This blog is excerpted from a Real Simple article by Karen Asp, dated June 30, 2020.
Say you’ve been spending a lot of time (or all your time) at home recently, and a new issue has popped up: Your back has begun aching. Is it coincidence, or could your new stay-at-home life be causing issues? So what habits are you doing at home that might make that back ache more? Here are six to keep on your radar:
- Working in bed
Why it’s a pain in your back: Now that you’re working from home more frequently (or always), you’ve no doubt found some interesting spots to set up your office, your bed included. Yet if you’re not paying attention, it’s easy to sink into a semi-reclined position, which can stress the lower back, Brian A. Cole, MD, FAAOS, orthopedic surgeon in New Jersey says.
The solution: Maintain the natural curve of the spine by placing an additional pillow behind your lumbar spine, Dr. Cole says. You might even purchase a reading backrest pillow to make your “office” more comfortable.
- Logging bad sleep
Why it’s a pain in your back: “Studies suggest that poor sleep quality is associated with acute low back pain,” Dr. Cole says. While nobody knows exactly what the connection between the two is, it’s a fact that daily activities can strain the body, and rest is an important component of soft tissue recovery. If you’re not sleeping well, you’re not giving your body the ability to recover.
The solution: If you’ve having trouble sleeping, talk with your primary care physician to rule out sleep disorders or other medical conditions like sleep apnea and GERD, Dr. Cole says. Otherwise, if you’re waking up with pain, two culprits might be your body position during sleep or your mattress. Sleeping face down can aggravate spine conditions like spinal stenosis, so if you have that, try to find a more comfortable position. And if you notice a depression or dip when you look at your mattress, it should be replaced or else your spine will follow suit. “The mattress should be firm enough to support your weight and at the same time, soft enough to accommodate the curves of your body,” Dr. Cole says.
- Slouching on the couch
Why it’s a pain in your back: Those Netflix binges can wreak havoc on your back, especially if your back is sinking into the couch. Contrary to what you might think, “it’s not so much a matter of how long you sit, but how you’re sitting,” Dr. Cole says.
The solution: When sitting, make sure you have solid support on your lower back. You should feel the support behind your low back, Dr. Cole says.
- Exercising in old shoes
Why it’s a pain in your back: Old shoes may be so worn that they don’t offer adequate arch support or protect your feet from rolling in or out as you walk, says Tammy Penhollow, DO, a pain management specialist in Arizona. However, a shoe with good arch support will prevent your feet from rolling in as you stand and move, which will help maintain the alignment of your legs, hips, and back.
The solution: Buy a pair of shoes with support designed for your specific arch. How do you know? A simple test will tell you if you have flat feet or a high arch, Dr. Penhollow says. Get your feet wet and step on cool concrete to see the outline your foot makes. If you can see only the outside of your foot, you probably have a high arch. If you see the ball of your foot, heel and outside of your foot, you most likely have a normal arch. Meanwhile, if you see the whole foot, including the inside, assume you have a low arch or flat feet.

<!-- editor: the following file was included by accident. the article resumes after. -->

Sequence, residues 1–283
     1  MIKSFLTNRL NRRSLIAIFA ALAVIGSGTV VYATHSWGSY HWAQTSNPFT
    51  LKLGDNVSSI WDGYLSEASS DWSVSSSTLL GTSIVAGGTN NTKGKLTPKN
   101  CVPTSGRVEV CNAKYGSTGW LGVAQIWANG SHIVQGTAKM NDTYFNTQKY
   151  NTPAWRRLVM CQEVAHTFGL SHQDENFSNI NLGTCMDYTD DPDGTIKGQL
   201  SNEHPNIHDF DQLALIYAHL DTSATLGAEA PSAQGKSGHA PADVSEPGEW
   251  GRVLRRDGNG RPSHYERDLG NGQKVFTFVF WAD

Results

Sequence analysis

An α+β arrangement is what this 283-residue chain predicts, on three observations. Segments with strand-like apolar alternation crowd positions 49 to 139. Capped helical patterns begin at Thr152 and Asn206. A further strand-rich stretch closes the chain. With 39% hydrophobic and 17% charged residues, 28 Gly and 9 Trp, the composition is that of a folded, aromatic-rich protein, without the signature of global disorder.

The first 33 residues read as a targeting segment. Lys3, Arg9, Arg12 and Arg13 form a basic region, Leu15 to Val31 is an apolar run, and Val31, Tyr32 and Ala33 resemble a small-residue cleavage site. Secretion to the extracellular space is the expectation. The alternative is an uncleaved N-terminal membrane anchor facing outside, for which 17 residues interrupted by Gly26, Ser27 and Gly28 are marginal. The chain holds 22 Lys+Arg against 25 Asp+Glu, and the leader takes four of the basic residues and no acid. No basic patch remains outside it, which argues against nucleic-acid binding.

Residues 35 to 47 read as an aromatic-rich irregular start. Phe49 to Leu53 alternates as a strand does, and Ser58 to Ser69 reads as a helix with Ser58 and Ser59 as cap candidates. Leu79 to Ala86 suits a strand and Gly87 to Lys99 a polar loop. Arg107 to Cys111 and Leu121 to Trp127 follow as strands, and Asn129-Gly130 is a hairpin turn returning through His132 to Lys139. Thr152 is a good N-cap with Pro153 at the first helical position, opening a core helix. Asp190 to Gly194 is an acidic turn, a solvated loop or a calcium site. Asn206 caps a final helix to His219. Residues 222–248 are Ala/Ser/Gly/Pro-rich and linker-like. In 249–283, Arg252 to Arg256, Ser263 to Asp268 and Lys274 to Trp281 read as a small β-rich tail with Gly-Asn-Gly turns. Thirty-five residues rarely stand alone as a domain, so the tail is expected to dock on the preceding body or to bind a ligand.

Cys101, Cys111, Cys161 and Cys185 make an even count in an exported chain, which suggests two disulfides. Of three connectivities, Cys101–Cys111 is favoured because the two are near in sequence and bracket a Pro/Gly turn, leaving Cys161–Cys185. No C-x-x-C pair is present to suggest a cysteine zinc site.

- Baking all the time
Why it’s a pain in your back: You’re most likely standing on a hard surface for long periods of time, and if you’re not wearing supportive shoes or you’re going barefoot, you can get heel pain, especially if you have high or flat arches, Dr. Penhollow says. When that happens, you change how you stand and walk, which can affect your entire lower body from your ankles to your back.
The solution: Avoid cooking barefoot: Wear supportive shoes instead. Also, use good posture as you prepare food, being careful not to hunch over counters. Standing closer to the counter should help you stay more upright. And when you need a break, take it.
- Sitting too long at your (makeshift) desk
Why it’s a pain in your back: Not only are you probably cramming more work into that same eight-hour work day, you’re also likely not getting up and moving around as much. The problem? “Sitting puts 40% more pressure on your spine than standing,” Dr. Cole says.
The solution: When sitting, check the space between your back and the chair, and if there’s a gap, fill it with a pillow or lumbar roll, which will put you in a more balanced position, Dr. Cole says. Then take frequent stretching breaks as you sit. Follow Dr. Cole’s lead and stretch forward, hugging your knees for a minute as you sit to open up the back of the spine. Then stand and arch your back by bringing your stomach as far forward as you can. Finally, reach side to side with your hands while standing, trying to reach as far down your side thigh as you can, and then rotate the spine. Do all of these moves every hour—set an alarm if necessary—to minimize potential aches.
If Home Solutions don’t relieve pain, there is still help!
If you’ve tried these techniques and are still suffering from back pain, the Bonati Spine Institute can help. By utilizing the outpatient Bonati Spine Procedures, with techniques developed and patented by Dr. Bonati, patients have received amazing results and report a 98.75% patient reported satisfaction rating. To discuss your case with our team, simply click here or call us at 855-267-0482.
Read the full Real Simple article here: https://www.realsimple.com/health/preventative-health/back-pain-during-quarantine-at-home-causes